AEW: Malakai Black Gets the Last Laugh After Third Match With Cody Rhodes on AEW Dynamite

Saturday's edition of AEW Dynamite saw Cody Rhodes finally pull off a win against Malakai Black. Rhodes was unsuccessful in his last two attempts against the former NXT Champion, resulting in Arn Anderson cutting (hilariously) psychotic promos about pulling a gun on people and the rest of The Nightmare Family growing more resentful of Rhodes, all while the fans in the audience have been consistently booing "The American Nightmare" despite his insistence that he'll never turn heel. Black took to social media after suffering his first defeat in AEW and claimed he had still accomplished his mission against Rhodes. 

"The entire world is a graveyard, and if you think this was about putting my shoulders on the mat; you're rudely mistaken. My job was to destroy you and your world. The entire world hates you, you've become the beast I set out to make you, and I was willing to sacrifice my blood for it. Enjoy the seeds I planted for months. House always wins. #HouseOfBlack," Black wrote. 

Rhodes talked about why fans have gradually turned on him this year in a recent interview with Busted Open Radio.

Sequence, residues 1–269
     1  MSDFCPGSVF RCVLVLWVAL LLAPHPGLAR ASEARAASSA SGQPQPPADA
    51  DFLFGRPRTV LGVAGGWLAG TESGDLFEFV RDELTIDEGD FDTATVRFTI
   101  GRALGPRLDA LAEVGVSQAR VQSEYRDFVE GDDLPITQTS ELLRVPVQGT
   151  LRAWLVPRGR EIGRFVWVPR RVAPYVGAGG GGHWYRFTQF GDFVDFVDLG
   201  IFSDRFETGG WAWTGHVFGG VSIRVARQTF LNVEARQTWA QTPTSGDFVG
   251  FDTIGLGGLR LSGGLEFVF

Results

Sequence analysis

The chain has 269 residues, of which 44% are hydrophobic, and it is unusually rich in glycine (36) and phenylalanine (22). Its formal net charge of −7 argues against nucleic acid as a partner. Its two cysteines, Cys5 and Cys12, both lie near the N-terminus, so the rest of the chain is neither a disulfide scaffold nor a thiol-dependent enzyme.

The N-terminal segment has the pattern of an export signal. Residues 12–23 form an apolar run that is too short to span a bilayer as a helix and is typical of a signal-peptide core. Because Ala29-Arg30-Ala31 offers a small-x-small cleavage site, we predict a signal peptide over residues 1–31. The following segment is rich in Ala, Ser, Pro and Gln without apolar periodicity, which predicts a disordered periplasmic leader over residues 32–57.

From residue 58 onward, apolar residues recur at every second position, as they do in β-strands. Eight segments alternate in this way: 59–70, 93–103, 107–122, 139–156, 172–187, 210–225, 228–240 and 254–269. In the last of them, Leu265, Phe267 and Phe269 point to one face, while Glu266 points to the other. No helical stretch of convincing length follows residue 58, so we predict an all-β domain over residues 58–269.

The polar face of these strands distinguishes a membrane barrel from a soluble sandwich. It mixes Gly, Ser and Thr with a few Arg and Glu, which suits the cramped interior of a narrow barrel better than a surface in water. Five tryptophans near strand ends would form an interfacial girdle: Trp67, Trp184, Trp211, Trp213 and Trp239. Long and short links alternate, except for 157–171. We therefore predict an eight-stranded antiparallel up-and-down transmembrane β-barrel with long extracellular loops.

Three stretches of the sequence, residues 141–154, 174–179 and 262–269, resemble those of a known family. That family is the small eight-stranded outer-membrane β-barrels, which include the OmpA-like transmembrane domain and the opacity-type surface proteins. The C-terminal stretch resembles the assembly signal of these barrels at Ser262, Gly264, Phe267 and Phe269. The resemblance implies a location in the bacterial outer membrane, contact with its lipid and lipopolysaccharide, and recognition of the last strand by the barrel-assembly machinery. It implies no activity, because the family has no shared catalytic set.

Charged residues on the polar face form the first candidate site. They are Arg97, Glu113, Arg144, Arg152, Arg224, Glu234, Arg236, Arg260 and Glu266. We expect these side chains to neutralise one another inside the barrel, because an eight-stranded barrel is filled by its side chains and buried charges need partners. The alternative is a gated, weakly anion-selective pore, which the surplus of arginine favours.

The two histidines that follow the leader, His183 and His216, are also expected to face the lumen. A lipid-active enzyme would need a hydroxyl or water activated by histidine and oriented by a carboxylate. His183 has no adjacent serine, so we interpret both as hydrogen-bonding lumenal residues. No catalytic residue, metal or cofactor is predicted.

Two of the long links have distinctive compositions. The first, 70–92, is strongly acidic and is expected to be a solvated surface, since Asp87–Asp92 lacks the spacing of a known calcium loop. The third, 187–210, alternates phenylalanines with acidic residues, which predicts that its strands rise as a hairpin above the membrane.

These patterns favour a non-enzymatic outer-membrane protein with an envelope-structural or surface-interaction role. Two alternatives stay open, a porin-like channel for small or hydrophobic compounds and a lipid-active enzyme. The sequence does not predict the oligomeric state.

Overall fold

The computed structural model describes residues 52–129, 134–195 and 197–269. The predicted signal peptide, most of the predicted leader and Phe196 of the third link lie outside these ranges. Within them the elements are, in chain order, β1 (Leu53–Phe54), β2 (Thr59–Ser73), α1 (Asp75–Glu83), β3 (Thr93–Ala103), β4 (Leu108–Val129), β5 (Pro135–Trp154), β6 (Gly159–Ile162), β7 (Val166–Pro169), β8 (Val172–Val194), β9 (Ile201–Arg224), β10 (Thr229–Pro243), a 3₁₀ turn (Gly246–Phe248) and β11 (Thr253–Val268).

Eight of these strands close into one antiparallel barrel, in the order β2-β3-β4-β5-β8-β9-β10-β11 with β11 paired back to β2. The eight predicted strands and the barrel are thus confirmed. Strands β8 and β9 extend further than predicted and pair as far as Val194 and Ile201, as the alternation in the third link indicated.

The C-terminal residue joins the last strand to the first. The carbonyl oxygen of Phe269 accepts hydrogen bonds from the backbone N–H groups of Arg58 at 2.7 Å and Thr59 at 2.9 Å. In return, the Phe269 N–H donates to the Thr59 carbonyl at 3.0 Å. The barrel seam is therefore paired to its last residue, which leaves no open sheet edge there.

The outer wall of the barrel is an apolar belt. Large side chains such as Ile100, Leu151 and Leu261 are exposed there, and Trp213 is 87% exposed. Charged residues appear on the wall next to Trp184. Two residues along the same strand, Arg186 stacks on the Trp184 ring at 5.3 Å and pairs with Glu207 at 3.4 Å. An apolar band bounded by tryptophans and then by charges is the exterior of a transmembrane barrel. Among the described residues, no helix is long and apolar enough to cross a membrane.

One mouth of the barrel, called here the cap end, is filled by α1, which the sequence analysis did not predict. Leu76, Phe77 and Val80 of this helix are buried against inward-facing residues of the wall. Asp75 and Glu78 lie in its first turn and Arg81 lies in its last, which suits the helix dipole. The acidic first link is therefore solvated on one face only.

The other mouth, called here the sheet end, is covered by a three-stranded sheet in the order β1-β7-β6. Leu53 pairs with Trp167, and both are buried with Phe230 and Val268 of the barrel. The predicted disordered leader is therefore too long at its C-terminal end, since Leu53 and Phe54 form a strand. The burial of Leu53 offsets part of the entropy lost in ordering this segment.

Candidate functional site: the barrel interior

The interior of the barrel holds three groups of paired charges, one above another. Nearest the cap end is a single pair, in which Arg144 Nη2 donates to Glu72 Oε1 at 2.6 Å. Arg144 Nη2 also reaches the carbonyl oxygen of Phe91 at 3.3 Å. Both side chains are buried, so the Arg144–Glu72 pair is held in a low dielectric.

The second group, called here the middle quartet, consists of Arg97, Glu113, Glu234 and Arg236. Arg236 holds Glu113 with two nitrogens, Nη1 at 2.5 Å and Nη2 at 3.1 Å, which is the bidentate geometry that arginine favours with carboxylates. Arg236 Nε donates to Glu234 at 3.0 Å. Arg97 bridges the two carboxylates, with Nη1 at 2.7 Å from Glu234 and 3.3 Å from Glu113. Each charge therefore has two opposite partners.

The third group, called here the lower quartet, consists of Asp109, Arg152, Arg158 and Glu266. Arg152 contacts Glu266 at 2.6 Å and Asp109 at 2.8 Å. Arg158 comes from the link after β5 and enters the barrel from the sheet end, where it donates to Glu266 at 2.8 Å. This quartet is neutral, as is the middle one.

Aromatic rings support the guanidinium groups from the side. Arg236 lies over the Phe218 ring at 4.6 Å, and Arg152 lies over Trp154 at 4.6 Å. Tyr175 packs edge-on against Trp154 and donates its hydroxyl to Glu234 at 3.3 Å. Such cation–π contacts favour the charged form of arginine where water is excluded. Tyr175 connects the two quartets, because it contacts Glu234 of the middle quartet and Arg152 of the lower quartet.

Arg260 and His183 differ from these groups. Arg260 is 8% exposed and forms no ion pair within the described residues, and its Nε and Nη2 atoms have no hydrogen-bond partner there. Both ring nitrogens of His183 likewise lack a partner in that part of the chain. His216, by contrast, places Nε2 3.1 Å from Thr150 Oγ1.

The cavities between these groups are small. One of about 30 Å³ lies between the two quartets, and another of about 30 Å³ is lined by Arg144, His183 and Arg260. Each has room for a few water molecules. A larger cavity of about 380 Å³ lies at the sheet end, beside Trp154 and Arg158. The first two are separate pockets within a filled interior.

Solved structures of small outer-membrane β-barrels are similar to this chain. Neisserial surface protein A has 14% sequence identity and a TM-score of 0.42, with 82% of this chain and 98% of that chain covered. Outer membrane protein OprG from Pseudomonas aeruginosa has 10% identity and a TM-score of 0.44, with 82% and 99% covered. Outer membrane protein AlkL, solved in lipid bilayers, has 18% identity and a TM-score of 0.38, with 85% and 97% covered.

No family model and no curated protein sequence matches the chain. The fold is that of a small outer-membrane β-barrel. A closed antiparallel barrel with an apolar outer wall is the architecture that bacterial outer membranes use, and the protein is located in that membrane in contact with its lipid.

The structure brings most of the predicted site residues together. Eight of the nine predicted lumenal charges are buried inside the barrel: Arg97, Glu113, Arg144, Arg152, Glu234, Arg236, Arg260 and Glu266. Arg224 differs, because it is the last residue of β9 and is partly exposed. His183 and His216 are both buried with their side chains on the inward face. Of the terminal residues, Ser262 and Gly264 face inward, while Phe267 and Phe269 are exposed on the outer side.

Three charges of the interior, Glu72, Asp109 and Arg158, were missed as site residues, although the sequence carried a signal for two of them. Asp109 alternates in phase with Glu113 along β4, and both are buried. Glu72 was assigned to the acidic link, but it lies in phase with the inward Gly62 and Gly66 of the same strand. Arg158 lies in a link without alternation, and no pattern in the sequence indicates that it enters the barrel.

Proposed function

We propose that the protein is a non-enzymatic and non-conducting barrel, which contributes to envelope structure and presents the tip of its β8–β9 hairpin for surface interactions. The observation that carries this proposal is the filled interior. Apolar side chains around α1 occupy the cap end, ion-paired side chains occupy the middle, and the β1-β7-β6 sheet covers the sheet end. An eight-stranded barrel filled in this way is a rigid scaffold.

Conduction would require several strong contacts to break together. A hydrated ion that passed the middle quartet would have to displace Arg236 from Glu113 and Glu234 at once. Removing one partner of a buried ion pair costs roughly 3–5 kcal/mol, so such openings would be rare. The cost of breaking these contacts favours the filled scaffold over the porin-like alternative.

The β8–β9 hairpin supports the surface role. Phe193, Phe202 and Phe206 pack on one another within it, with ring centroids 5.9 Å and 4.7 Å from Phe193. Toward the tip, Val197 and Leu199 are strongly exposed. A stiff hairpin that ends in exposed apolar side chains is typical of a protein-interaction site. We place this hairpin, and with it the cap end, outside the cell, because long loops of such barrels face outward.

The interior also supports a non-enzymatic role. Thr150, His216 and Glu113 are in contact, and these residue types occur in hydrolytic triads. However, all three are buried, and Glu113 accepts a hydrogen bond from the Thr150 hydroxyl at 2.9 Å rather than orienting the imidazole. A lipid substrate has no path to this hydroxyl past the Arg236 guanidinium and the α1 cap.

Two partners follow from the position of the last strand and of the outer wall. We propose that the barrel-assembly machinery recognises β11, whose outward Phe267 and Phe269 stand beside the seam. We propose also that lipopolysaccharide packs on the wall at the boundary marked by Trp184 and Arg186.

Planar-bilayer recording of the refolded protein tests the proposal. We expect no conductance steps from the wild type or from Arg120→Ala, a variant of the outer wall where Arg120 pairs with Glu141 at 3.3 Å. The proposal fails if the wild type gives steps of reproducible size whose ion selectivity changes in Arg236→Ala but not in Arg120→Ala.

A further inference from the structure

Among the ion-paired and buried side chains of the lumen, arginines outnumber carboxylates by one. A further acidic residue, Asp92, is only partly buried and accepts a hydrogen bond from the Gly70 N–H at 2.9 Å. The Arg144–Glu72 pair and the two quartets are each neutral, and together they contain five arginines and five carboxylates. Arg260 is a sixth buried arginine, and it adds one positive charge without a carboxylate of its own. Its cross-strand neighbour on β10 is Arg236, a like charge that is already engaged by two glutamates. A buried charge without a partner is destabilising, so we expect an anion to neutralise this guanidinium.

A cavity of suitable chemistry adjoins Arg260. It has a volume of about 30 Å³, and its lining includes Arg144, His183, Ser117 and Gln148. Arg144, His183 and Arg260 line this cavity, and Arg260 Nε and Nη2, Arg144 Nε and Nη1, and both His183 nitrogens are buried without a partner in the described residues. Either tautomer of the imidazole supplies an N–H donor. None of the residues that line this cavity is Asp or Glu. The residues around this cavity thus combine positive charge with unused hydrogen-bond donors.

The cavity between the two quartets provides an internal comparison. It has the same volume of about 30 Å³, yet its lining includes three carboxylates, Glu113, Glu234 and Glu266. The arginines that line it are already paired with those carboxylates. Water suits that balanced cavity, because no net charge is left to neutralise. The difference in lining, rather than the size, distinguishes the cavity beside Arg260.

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"If you're a wrestler in the ring, you can hear and if you don't hear [reactions], you're doing yourself a disservice. You're doing the whole company a disservice, you're doing the match you're in a disservice. I can hear but I also play chess, not checkers," Rhodes said. "So I think it's fun to speculate and there's so much that we've seen in the past, "That's how this went and that's how this could go." The challenge I'm facing in the direction I'm going is something that has never been done in wrestling before. There's tons of just old plays that we could run here, 'Oh, kick this guy in the balls and abuse my EVP power.' Very soap opera bullshit. I don't mean to say that harsh, but the challenge for me now is to go in a direction that perhaps no wrestler has gone before. I don't come out of either tunnel, if that's probably the best way to put it, and I'm looking forward to it as the most fun I've ever had in my career has been navigating some of these new spaces. For example, in New York, we had 25,000 people and that reaction's a little different. Last week, I'm in the concourse doing a book drive for community outreach and it's the opposite of that reaction in Philly. That beautiful feeling of, 'Alright, these are my people,' depends [on the setting]. Some places I go, they'll be my people. Other places I go, they won't, but that's your right as the fan to do what you want."